The implementation of donut economics would need a driving force.
One that forces change.
One that makes a level playing field for industry.
One that changes culture.
One that builds in repairability and recyclability.
The question is - how to make massive change happen with least bureaucracy.
An answer: By using legislation that is powered by the engine of consumerism.
Imagine if you had to make something that really had to last, that could be repaired easily and with minimum levels of recycling problems.
How about playing about with the guarantee laws.
Imagine a low cost item, such as a £50 food mixer, that has to have a 10-year legally fully refundable guarantee.
That would force the manufacturer to reconsider design so that it delivered reliability and reparability - but on a level playing field across the industry.
Consumers would expect to pay more but they would use items for longer and not change products at a whim; it is more costly but is cheaper long term as the product lasts.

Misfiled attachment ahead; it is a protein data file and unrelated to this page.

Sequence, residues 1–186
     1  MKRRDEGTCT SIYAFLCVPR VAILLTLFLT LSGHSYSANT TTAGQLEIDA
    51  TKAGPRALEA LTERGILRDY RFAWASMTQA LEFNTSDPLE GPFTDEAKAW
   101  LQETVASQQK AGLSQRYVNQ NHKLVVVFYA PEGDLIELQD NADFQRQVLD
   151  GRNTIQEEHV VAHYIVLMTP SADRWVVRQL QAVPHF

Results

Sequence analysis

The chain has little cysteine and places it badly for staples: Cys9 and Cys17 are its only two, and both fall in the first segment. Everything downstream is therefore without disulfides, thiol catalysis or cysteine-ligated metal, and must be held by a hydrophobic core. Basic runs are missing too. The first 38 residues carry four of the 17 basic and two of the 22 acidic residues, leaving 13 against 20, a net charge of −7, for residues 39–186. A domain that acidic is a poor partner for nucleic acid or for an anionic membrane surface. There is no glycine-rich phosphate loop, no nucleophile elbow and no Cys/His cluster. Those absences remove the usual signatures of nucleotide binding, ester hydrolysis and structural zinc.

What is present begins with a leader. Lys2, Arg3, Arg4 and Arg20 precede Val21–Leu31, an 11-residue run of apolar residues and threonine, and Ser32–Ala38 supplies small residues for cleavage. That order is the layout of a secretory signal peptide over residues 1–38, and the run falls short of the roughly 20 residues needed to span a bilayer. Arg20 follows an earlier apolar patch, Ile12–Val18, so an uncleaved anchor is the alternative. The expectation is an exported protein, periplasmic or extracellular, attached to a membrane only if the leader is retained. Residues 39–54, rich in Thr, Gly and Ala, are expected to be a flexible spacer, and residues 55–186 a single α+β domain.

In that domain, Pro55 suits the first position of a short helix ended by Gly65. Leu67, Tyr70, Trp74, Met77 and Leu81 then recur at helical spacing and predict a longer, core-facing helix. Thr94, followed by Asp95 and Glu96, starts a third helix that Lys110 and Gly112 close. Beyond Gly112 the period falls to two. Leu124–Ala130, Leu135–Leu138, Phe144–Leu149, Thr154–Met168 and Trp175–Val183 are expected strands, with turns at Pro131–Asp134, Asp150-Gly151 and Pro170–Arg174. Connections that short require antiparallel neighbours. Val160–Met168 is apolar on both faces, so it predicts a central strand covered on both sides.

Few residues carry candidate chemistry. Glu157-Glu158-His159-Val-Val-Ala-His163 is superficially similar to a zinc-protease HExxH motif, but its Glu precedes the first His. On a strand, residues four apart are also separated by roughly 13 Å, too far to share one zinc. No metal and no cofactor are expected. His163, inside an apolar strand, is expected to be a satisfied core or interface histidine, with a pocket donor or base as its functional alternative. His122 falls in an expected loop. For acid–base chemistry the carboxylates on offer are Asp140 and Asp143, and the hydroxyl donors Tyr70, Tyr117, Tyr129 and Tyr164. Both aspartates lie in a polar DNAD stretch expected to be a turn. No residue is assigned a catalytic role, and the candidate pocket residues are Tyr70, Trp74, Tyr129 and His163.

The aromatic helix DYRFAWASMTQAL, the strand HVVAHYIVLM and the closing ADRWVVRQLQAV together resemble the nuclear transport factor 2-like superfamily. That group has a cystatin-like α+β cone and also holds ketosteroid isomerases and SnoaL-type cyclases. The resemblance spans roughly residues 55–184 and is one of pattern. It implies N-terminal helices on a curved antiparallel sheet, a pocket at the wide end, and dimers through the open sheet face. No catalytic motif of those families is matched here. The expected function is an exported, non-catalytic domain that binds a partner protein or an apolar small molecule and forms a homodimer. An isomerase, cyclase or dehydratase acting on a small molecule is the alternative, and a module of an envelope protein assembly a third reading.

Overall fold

Costs would go up but for everyone who manufactured them but get the design wrong and you are into costly replacements. The product would last much longer, repair-ability would be built in as the manufacturer has to carry out the repairs at cost. Recyclability would be fully integrated into product design with much lower volumes to be recycled.
Apply this across the board of consumer products and imagine the culture change in industry and consumer consumption. A bit like putting production and consumption into slow motion.